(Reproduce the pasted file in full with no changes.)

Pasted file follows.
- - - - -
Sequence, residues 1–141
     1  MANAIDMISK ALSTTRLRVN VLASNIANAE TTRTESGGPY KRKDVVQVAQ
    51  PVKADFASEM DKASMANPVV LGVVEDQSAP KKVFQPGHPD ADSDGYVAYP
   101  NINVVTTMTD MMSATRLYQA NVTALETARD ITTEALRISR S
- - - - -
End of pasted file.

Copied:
Sequence, residues 1–141
     1  MANAIDMISK ALSTTRLRVN VLASNIANAE TTRTESGGPY KRKDVVQVAQ
    51  PVKADFASEM DKASMANPVV LGVVEDQSAP KKVFQPGHPD ADSDGYVAYP
   101  NINVVTTMTD MMSATRLYQA NVTALETARD ITTEALRISR S